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I'm beginning with the Ruby programming language and I'm interested in understanding it in depth before I start studding the Rails framework.

I'm currently a little disappointed because everybody seams to care only about the Rails framework, and other aspects of the language are just not discussed in depth, such as its class loading mechanism.

Considering that I'm starting by doing some desktop/console experiments, I would like to better understand the following matters:

  1. Is it a good practice to place each Ruby class in a separate Ruby file? (*.rb)
  2. If I have, let's say .. 10 classes .. and all of them reference each other, by instantiating one another and calling each other's methods, should I add a 'require' statement in each file to state which classes are required by the class in that file? (just like we do with 'import' statements in each Java class file?)
  3. Is there a difference in placing a 'require' statement before or after (inside) a class declaration?
  4. What could be considered a proper Ruby program's 'entry point'? It seams to me that any .rb script will suffice, since the language doesn't have a convention like C or Java where we always need a 'main' function of method.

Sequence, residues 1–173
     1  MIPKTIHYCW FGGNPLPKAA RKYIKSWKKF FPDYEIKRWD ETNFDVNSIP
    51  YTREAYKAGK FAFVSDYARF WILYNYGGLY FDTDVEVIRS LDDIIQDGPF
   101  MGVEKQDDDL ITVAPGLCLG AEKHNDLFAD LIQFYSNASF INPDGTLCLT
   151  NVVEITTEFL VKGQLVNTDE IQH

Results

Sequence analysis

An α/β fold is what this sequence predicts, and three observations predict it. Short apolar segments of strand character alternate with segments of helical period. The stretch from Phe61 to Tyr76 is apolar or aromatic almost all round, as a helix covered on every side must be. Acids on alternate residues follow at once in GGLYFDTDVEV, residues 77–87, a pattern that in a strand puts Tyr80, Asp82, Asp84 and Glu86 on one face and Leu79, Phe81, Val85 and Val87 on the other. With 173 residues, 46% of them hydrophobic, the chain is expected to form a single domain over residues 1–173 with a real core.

5. Is class loading considered a 'phase' in the execution of a Ruby program? Are we supposed to load all the classes that are needed by the application right at the start?
  6. Shouldn't the interpreter itself be responsible for finding and loading classes as we run the code that needs them? By searching the paths in the $LOAD_PATH variable, like Java does with its $CLASSPATH?

Thank you.

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That's too many questions. Please reduce them to the two or three you REALLY want to know about. Stack Overflow prefers one per page, but a couple closely related ones are OK. Six... eh... not so much. –  the Tin Man Apr 19 '13 at 1:07
    
Regarding the fact that so many like Rails... it's flashy. Where I work we don't do Rails, and, instead we're writing in-house back-end code in straight Ruby. If we need a web service it's done in Sinatra. –  the Tin Man Apr 19 '13 at 1:08

3 Answers 3

I'll try to help you with the first one:

  1. Is it a good practice to place each Ruby class in a separate Ruby file? (*.rb)